Very much geared towards adults, this is a beautifully staged panto, but I can’t help think that opportunities were wasted by the script writers and director with such a talented cast of actors.

Runs until 30th December 2018

Tickets available HERE

REVIEW: Ricky McWhittington – Platform, Easterhouse, Glasgow

Senga McWhittington presides over the Oldie Weegie Sweetie Shoppie in dear old Glasgow town, but her son Ricky has different ambitions – he’s set to head to the bright lights of the big city. When Senga’s shop becomes over-run with vermine, all under the control of the stinky Queen Rat, Senga needs her boy back to help save the day. Helped by Fairy Gallus Alice and a cast of colourful pals, will the shop be saved, will Ricky fulfil his destiny and will Senga get her man? That’s the story of Ricky McWhittington, this year’s festive offering from Platform.

Every panto trope is here: the goodies and the baddies to cheer and hiss and boo; the rhyming dialogue; the fantastically clad panto dame ready to harass some unsuspecting (male) audience members; a young couple falling in love, some up-beat pop numbers to dance to, and the traditional ‘cloot’ so we can sing along together at the end.

This is a panto full of charm and heart and perfectly pitched to its young, local audience. The cast are universally excellent, the acting so good, the tiny audience members know exactly who to boo and hiss for from the start, and hearteningly the girls kick ass and can stand their ground against any foe.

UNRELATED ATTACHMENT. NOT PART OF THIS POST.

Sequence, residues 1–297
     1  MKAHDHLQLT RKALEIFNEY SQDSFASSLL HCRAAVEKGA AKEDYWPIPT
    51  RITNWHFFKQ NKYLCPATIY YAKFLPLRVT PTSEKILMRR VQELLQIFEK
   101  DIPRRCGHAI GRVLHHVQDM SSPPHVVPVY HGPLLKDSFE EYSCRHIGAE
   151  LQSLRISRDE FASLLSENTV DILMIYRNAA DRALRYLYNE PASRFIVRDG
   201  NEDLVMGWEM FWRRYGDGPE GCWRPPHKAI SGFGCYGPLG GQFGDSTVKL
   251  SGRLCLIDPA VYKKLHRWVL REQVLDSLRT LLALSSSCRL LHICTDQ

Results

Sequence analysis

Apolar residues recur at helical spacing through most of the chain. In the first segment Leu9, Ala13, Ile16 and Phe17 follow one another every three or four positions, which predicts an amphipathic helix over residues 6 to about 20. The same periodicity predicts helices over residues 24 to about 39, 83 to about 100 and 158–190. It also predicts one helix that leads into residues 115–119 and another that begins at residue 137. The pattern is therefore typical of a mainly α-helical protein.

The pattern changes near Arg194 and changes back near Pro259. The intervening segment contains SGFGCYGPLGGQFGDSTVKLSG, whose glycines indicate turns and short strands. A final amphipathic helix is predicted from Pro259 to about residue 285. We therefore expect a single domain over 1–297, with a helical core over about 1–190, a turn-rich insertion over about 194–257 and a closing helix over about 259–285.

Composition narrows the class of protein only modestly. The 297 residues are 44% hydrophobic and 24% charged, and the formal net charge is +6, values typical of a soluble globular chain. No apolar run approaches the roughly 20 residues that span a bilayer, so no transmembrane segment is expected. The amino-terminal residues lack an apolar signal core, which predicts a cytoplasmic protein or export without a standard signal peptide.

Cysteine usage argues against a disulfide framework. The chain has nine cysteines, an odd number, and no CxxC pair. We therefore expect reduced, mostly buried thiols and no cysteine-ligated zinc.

This is a panto who knows its audience well – both child and adult friendly, the audience is fully engaged from start to end. An absolute charmer from a fantastic cast, in a wonderful theatre with the friendliest and most welcoming staff in the city.

Tickets are almost sold out, so be fast, details here: http://www.platform-online.co.uk/whats-on/event/392/

 

REVIEW: Snow White and the Seven Wee Muppets – Eastwood Park Theatre, Giffnock

It may be Snow White whose name is on the poster, but it’s the boys (dressed as women) who totally steal the show in Eastwood Park’s 2017 fun-filled panto.

With nods to the Snow White story, it’s a new take on the familiar tale. The baddie this time is wicked step mother Spella Binding (Stephen Arden), a former 80s pop diva who’s competing with ingénue Snow White in Pantoland’s version of the X-Factor. Spella’s side kick is Siri, a real live version of Apple’s famous app, (a fine-voiced Lisa McKecknie) and while there’s an apple involved it isn’t the poisoned kind but an i-Pad with a virus that infects our Snow. True love as always is the key to saving her, but refreshingly it’s all girl power here, and there’s no need for a prince to save you when you’ve got the love of your friends and family.

Snow White played by Charis Murray, Molly Muppet played by Lee Reynolds, Siri played by Lisa McKecknie, Lady Marmite played by Greig Adam and Evil Stepmother and 80s pop diva Spella, played by Stephen Arden

The goodies and the baddies are well-defined: Greig Adam’s Lady Marmite is a heroine you really want to root for and evil Spella is the perfect panto villain. Both Adam and Arden shine, the pair’s stage presence is so strong that while the others are a pleasant distraction, and undoubtedly talented, you are willing either, or both of them back on to the stage – they are where the action is. It’s heartening that there’s so much local talent in the cast and the local jokes and banter hit their mark.

This truly is entertainment for all the family, there’s no smut, just a lot of sass, songs we can all sing and dance to and a perfect running time of under two hours including the interval.

Snow White and the Seven Wee Muppets runs until Saturday 30th December at Eastwood Park Theatre and is truly family friendly.